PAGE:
Norwich City (Earlham Road) Cemetery :: Shared Description

The city has two cemeteries, one on Earlham Road and the other on Rosary Road. (Rosary Road cemetery > Link is the first ever non-denominational cemetery in the UK and was established in 1819 by Thomas Drummond, a nonconformist minister.) Earlham Road cemetery, which was established on agricultural land owned by a farmer named John Cater, is bordered by Earlham Road in the south, by Bowthorpe Road in the north and by Dereham Road in the north-east, and it is divided into two parts by Farrow Road (A140) which traverses it from north to south. Opened in 1856, the year when burials within the city were banned, the cemetery originally covered an area of 34 acres (currently 85 acres), some of which was initially put to agricultural use. At the time the burial ground opened, many families could not afford to buy a headstone for their deceased, and of the 745 burials that took place over the first 10 months only four were marked by gravestones. Although burials had increased to 1640 by the year 1890, there were still only 214 headstones. With mortality rates in the army being considerably higher than those of civilians of similar age back then, many of the dead that lie buried in unmarked graves were soldiers from the Britannia Barracks. In 1875 the Burials Board decided to designate an area expressly for the burial of soldiers. The cemetery has separate areas for different religious beliefs, two funeral chapels and a Jewish mortuary chapel. The larger and older part of the cemetery, situated to the east of Farrow Road, is Grade II listed because of its special historic interest. It has also been designated a County Wildlife Site.

In 1892, a large triangle of land adjacent in the west and comprising 40 acres was purchased from S Gurney Buxton and Edward North Buxton, the trustees of the late John Gurney. This part of the cemetery is situated on the other side of Farrow Road, which was built around 1912 and currently forms its eastern boundary. In the north it is bounded by Bowthorpe Road and Gipsy Lane forms the southern boundary. This area of the cemetery, marked on maps as Earlham Rise, was used for burials from the 1940s onwards. The Baedeker raids memorial can be found here but most of the graves are more recent.

For more information, including a plan, go to: LinkExternal link

Recommended reading:
Selected Graves from Earlham Cemetery by Françoise Donovan
Elyse Publications (2013), ISBN-13: 978-0992677305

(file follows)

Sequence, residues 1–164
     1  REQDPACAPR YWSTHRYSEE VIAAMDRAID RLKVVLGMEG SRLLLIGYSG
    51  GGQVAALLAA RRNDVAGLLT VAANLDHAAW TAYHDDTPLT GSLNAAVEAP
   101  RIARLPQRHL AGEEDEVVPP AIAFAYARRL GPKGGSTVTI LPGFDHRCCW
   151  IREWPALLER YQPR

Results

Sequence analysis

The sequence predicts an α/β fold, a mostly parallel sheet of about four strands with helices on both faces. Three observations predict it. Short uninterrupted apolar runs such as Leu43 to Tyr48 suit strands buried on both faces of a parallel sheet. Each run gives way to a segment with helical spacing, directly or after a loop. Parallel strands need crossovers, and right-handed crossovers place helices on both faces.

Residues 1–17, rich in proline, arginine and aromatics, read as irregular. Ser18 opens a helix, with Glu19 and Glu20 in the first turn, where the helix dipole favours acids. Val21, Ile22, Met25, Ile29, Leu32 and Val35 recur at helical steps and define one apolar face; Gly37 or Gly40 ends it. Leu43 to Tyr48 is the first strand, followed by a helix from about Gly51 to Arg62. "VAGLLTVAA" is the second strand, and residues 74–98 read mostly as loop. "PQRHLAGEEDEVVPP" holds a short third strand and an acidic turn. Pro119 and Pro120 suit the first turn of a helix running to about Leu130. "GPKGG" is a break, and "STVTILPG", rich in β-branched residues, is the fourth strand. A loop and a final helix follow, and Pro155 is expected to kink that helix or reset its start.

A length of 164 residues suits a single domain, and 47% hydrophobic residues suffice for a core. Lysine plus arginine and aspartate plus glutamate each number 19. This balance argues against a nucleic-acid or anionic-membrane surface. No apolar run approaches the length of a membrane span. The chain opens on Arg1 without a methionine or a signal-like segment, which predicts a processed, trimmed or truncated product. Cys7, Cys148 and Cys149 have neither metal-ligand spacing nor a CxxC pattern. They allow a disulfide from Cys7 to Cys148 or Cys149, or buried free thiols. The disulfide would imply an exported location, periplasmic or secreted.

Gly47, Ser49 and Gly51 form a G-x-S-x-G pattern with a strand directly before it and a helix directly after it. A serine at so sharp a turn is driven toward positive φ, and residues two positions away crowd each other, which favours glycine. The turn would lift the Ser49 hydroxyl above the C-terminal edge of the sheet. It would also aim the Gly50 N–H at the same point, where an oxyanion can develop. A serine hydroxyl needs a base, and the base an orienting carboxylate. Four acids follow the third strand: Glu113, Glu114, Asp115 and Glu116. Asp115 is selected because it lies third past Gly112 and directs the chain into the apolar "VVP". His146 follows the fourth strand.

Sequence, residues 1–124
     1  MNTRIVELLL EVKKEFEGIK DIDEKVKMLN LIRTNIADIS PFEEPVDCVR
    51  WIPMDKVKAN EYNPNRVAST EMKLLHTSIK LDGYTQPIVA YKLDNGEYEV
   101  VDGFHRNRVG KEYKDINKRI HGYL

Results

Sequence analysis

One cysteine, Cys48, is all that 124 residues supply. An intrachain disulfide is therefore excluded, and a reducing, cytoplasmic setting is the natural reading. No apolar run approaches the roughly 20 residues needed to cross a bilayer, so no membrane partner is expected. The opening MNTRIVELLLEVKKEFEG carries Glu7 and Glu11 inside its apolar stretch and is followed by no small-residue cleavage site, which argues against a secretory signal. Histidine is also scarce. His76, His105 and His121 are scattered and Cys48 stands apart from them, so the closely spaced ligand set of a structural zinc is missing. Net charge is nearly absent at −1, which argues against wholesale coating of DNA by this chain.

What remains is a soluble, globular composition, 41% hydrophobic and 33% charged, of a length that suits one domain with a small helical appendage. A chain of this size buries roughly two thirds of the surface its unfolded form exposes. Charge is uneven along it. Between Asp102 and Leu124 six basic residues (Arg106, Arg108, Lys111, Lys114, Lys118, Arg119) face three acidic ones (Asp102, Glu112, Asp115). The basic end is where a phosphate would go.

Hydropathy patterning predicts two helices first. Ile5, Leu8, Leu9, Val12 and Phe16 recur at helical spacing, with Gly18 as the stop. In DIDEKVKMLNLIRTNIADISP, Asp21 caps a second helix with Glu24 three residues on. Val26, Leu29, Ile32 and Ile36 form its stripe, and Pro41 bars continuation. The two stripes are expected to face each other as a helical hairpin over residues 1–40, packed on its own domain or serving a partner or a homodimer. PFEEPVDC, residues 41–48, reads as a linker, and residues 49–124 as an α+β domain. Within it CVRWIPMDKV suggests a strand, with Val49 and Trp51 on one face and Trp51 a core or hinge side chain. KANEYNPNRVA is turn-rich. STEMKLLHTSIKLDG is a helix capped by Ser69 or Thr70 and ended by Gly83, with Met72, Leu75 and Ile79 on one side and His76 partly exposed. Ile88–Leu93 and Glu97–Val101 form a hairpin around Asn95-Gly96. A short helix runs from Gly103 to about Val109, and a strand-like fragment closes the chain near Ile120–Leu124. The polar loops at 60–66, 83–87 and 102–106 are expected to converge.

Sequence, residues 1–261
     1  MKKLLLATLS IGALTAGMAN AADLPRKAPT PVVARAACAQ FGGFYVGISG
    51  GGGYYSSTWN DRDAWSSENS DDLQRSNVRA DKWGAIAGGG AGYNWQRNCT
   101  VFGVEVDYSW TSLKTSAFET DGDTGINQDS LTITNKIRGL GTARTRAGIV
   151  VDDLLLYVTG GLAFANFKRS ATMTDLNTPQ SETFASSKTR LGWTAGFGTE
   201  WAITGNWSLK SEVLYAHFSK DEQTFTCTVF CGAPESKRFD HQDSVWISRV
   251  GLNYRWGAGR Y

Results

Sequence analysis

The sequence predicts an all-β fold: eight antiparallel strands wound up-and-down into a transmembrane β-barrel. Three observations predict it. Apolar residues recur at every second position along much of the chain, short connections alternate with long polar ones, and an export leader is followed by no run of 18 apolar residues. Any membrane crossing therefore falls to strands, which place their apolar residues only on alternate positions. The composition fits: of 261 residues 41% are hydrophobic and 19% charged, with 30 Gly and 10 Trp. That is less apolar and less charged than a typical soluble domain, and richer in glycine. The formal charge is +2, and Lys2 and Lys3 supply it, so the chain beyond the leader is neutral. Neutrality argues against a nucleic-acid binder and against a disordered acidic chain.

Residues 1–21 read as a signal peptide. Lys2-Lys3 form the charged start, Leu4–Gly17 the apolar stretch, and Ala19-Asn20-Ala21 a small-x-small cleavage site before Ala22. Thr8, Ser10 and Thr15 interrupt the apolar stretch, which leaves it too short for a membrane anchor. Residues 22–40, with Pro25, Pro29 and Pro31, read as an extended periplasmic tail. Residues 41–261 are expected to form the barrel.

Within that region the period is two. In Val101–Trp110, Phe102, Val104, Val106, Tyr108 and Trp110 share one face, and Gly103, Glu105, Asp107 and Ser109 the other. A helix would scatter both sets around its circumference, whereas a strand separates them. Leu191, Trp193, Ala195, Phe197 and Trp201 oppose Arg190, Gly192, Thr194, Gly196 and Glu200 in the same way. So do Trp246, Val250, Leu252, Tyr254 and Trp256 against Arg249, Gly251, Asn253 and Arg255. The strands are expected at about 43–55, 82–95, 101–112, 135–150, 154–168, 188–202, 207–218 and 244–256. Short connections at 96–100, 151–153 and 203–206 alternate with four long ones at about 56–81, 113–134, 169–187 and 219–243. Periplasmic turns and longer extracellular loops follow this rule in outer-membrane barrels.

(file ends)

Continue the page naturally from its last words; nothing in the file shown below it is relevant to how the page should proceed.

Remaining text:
by Evelyn Simak
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1347 images use this description. Preview sample shown below:

TG2008 : Richly decorated grave in Section FF by Evelyn Simak
TG2008 : Graves of members of the Smith family by Evelyn Simak
TG2108 : Graves in Section 2 (NG) by Evelyn Simak
TG2108 : Katsura tree (Cercidiphyllum japonicum) - detail by Evelyn Simak
TG2008 : Commonwealth War Graves in Earlham cemetery by Adrian S Pye
TG2109 : Earlham Road Cemetery by Evelyn Simak
TG2008 : Cremation burials in Section 42 by Evelyn Simak
TG2109 : Copper beech (Fagus sylvatica f purpurea) by Evelyn Simak
TG2108 : The grave of Joshua Pearce (Uncle Josh) by Evelyn Simak
TG2109 : A narrow path on the New Ground by Evelyn Simak
TG2108 : The grave of Martha Pulley (detail) by Evelyn Simak
TG2008 : German Commonwealth war graves by Evelyn Simak
TG2008 : Ivy-clad gravestone in Section 55 by Evelyn Simak
TG2108 : Spanish Bluebells (Hyacinthoides hispanica) by Evelyn Simak
TG2108 : Caley Family plot - ornamental railings by Evelyn Simak
TG2108 : A small child's grave by Evelyn Simak
TG2108 : Path skirting Section K by Evelyn Simak
TG2108 : Fallen obelisk in Section O (detail) by Evelyn Simak
TG2008 : Baedeker raids grave by Evelyn Simak
TG2008 : Graves in Section FF by Evelyn Simak
TG2109 : The crown of a weeping beech by Evelyn Simak
TG2109 : Path through the New Ground by Evelyn Simak
TG2108 : Path between Sections 8 and 9 by Evelyn Simak
TG2108 : Flowering crocuses by Evelyn Simak
TG2108 : Sarcophagus-type gravestone by Evelyn Simak

... and 1322 more images.

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Created: Sun, 3 Apr 2011, Updated: Wed, 25 Apr 2018

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